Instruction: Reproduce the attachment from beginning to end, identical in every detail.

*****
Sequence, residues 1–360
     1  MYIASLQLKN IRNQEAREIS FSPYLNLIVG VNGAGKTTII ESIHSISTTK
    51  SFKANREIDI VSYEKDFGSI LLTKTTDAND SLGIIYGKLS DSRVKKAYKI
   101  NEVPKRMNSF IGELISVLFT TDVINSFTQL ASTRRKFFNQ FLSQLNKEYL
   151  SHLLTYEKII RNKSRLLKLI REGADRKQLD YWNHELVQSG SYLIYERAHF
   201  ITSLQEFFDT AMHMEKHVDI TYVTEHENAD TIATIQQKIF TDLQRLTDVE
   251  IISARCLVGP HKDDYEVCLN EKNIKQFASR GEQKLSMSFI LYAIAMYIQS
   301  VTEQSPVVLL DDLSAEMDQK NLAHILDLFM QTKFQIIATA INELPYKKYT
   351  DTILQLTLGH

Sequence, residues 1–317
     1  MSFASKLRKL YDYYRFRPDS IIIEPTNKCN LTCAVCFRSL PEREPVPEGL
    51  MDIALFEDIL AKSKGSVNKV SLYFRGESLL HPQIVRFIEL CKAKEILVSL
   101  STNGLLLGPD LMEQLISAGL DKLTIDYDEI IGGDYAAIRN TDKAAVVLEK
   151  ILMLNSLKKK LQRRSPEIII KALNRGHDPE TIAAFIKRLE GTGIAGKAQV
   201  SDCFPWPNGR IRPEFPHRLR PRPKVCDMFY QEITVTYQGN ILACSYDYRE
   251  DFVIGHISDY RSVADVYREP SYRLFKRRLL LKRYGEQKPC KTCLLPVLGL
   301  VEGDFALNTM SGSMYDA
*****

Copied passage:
Sequence, residues 1–360
     1  MYIASLQLKN IRNQEAREIS FSPYLNLIVG VNGAGKTTII ESIHSISTTK
    51  SFKANREIDI VSYEKDFGSI LLTKTTDAND SLGIIYGKLS DSRVKKAYKI
   101  NEVPKRMNSF IGELISVLFT TDVINSFTQL ASTRRKFFNQ FLSQLNKEYL
   151  SHLLTYEKII RNKSRLLKLI REGADRKQLD YWNHELVQSG SYLIYERAHF
   201  ITSLQEFFDT AMHMEKHVDI TYVTEHENAD TIATIQQKIF TDLQRLTDVE
   251  IISARCLVGP HKDDYEVCLN EKNIKQFASR GEQKLSMSFI LYAIAMYIQS
   301  VTEQSPVVLL DDLSAEMDQK NLAHILDLFM QTKFQIIATA INELPYKKYT
   351  DTILQLTLGH

Sequence, residues 1–317
     1  MSFASKLRKL YDYYRFRPDS IIIEPTNKCN LTCAVCFRSL PEREPVPEGL
    51  MDIALFEDIL AKSKGSVNKV SLYFRGESLL HPQIVRFIEL CKAKEILVSL
   101  STNGLLLGPD LMEQLISAGL DKLTIDYDEI IGGDYAAIRN TDKAAVVLEK
   151  ILMLNSLKKK LQRRSPEIII KALNRGHDPE TIAAFIKRLE GTGIAGKAQV
   201  SDCFPWPNGR IRPEFPHRLR PRPKVCDMFY QEITVTYQGN ILACSYDYRE
   251  DFVIGHISDY RSVADVYREP SYRLFKRRLL LKRYGEQKPC KTCLLPVLGL
   301  VEGDFALNTM SGSMYDA